NEW YORK (CNN/Money) -
Merck maintains its defense for Vioxx, the beleaguered painkiller that was pulled off the market in 2004 and has been blamed for heart attacks in a growing tally of lawsuits, a top company lawyer said Monday.
"We will continue to defend these facts on the scientific basis of causation," said Kenneth Frazier, senior vice president and general counsel for Merck & Co. (up $0.24 to $26.42, Research), during a teleconference on the company's third quarter, in which it reported rising earnings but slumping sales. "The defense remains the same because it is based on facts and facts don't change.
Merck said it faces about 6,400 civil cases in state and federal courts from former Vioxx patients or their families. In reference to this tally and a Wall Street Journal report that lawyers representing some 20,000 Vioxx plaintiffs intend to eschew federal consolidation and fight the company only in state court, Frazier remained true to Merck's ongoing defense.
Her insisted that Merck "acted responsibly with respect to Vioxx" and is "prepared to take the long term view of the litigation." Echoing previous statements from the company's lawyers, Frazier dismissed accusations that Merck concealed negative information and denied that Vioxx caused the plaintiffs' heart attacks.
"There is no scientific basis that Vioxx contributed to Mr. Humeston's heart attack," said Frazier, specifically addressing the legal battle that is expected to wrap up this week in New Jersey Superior Court in Atlantic City.
Frederick Humeston, a Vietnam veteran and postal carrier in Boise, Idaho, blames Vioxx for his non-fatal 2001 heart attack and sued the company in its home state. Frazier said that Vioxx did not cause the plaintiff's heart attack and that he had a pre-existing heart condition.
Also, Frazier said that Humeston only took Vioxx for about two months, while the study that prompted Merck to remove Vioxx from the market revealed that heart attacks and strokes occurred after 18 months of use.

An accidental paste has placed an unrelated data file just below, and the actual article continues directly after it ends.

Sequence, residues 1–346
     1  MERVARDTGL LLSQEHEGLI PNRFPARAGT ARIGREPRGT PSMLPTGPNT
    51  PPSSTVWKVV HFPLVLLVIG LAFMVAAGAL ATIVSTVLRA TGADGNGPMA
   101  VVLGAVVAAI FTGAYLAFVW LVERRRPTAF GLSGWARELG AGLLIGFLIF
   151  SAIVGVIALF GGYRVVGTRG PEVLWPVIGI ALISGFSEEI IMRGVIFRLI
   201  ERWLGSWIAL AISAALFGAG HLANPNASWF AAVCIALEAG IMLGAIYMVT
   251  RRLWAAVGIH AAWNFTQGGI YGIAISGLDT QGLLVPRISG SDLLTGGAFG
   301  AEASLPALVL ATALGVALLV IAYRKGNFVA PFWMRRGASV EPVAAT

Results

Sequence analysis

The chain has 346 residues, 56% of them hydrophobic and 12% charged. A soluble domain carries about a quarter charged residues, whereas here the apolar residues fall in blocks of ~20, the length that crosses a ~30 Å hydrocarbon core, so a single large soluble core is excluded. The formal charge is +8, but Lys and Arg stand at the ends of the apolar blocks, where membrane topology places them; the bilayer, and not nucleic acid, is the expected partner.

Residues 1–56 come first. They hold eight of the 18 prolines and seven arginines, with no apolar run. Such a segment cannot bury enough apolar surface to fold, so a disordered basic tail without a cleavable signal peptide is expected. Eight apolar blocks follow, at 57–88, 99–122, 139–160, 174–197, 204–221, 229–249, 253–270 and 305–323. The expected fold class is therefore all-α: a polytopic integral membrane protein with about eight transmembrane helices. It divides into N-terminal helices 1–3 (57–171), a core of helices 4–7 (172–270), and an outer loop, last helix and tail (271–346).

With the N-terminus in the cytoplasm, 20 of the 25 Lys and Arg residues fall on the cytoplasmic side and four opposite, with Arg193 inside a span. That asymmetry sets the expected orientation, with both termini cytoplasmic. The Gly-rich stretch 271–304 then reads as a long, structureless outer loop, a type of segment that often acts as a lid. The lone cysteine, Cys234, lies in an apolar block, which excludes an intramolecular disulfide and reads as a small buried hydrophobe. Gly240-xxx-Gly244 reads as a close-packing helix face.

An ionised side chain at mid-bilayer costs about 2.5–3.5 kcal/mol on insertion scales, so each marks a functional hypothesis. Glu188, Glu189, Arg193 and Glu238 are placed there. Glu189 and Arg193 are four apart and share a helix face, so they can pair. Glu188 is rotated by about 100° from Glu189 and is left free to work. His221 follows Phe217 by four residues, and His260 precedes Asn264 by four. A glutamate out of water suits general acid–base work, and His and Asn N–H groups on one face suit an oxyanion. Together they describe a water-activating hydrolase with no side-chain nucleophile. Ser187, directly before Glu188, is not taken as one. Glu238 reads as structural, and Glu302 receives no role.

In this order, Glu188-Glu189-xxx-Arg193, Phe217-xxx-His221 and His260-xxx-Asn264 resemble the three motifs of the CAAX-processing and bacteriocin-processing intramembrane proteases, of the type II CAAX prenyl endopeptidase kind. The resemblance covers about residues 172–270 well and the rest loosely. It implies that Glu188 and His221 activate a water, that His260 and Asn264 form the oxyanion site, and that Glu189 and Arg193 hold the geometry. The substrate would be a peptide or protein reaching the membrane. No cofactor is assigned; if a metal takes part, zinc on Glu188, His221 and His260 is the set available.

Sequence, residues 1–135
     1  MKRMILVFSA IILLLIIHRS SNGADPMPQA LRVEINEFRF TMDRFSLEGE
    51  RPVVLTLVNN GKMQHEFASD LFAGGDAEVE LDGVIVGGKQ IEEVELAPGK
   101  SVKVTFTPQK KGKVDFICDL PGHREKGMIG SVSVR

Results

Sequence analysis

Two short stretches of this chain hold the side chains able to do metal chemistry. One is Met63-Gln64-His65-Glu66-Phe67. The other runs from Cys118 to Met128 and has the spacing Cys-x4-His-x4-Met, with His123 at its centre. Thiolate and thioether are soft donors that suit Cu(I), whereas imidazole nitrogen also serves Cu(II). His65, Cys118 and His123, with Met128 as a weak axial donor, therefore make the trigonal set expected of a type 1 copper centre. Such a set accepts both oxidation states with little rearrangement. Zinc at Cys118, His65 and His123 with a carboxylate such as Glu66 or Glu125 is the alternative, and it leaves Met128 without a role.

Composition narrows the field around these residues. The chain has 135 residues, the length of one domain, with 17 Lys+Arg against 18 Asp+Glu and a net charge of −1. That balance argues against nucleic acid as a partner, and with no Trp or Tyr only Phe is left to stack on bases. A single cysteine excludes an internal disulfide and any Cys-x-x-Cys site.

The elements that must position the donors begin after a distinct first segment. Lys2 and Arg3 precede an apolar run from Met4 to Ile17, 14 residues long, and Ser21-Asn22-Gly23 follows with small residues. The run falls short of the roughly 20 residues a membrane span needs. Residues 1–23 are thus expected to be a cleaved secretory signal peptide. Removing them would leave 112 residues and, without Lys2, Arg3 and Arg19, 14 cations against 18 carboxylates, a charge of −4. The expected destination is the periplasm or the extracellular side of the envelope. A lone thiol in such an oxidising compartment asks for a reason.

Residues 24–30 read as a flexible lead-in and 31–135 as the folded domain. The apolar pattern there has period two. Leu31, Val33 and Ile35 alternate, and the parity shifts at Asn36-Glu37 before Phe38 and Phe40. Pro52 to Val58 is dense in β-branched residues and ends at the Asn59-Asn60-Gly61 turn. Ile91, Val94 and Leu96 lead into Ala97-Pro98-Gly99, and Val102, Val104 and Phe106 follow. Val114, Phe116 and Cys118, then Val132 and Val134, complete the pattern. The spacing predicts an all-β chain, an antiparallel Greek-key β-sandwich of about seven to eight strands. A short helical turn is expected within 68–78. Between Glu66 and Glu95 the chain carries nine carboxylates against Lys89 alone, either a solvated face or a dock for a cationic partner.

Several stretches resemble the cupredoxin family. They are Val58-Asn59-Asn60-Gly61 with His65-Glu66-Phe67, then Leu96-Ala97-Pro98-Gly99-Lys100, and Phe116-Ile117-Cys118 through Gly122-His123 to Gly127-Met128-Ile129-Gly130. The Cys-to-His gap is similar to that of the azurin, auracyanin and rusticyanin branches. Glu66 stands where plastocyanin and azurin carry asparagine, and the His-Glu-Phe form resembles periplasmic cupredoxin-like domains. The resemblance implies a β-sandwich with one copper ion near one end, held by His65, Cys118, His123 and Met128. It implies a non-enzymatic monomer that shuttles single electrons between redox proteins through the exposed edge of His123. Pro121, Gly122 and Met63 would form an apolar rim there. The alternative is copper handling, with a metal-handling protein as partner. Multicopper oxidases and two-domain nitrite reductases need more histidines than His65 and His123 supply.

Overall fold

Humeston's lawsuit is the second Vioxx case to appear in court. Carol Ernst, represented by lawyer Mark Lanier, won the first case in Texas Superior Court in Angleton, Texas in August. Ernst, whose husband Robert Ernst was a Vioxx patient when he died of a heart attack in 2001, was awarded $253 million by the jury, though Texas law prevents her from collecting that full amount.
Chief Executive Officer Richard Clark said that Merck has not increased the $675 million in reserves set aside for Vioxx litigation costs. This amount does not cover damages from any judgments rendered in the courts.
Merck needs a new drug
Merck, based in Whitehouse Station, N.J., reported a rise in earnings and a drop in sales for the third quarter. Earnings per share were 65 cents, up from 60 cents in the third quarter of 2004, but sales slipped 2 percent to $5.4 billion from $5.5 billion.
Clark singled out Singulair, an asthma treatment, as a big driver for corporate revenue. Singulair sales jumped 11 percent to $692 million in the third quarter, totaling $2.2 billion for the first nine months of 2005.
Clark said future earnings would be bolstered by pipeline products, including investigational vaccines Gardasil and Proquad. Merck announced late-stage test data for Gardasil on Oct. 7, showing 100 percent effectiveness for blocking cervical cancer. Proquad, a combination of two other Merck vaccines, was approved by the Food and Drug Administration in September to treat children for measles, mumps, rubella and chicken pox in a single injection.
Judy Lewent, executive vice president and chief financial officer for Merck, said sales from these new and pending products would offset revenue declines on the top-selling product, Zocor, a cholesterol-lowering drug that will lose patent protection next June.
"We are experiencing new growth in our new franchises and that is partially offsetting the decline of our old franchises," said Lewent.
Lewent said the Zocor sales, which dropped 14 percent in third quarter sales to $1 billion, were being pressured by competition from Vytorin, a cholesterol-lowering drug that Merck produces with Schering-Plough (down $0.11 to $21.00, Research).
Clark said Merck's dividend "remains secure" and that the company is "truly committed to maintaining it at the current level," projecting earnings per share of $2.47 to $2.51 for 2005, including a net tax charge.
But new products might not be enough to lift Merck's slumping sales, said Barbara Ryan, analyst for Deutsche Bank North America, who projected in her Monday report that the company will slash costs to save money, but will ride out the Vioxx debacle.
"We believe that management will implement more aggressive restructuring and cost-cutting later this year to offset the earnings decline," wrote Ryan in her report, which reiterated her "hold" rating and 12-month price target of $29. Ryan also wrote that "Merck has the financial strength to weather the litigation hit and maintain its dividend."
To read about Pfizer's (down $0.18 to $21.07, Research) third quarter earnings, click here.
Ryan does not own Merck stock but Deutsche Bank may have done business with them.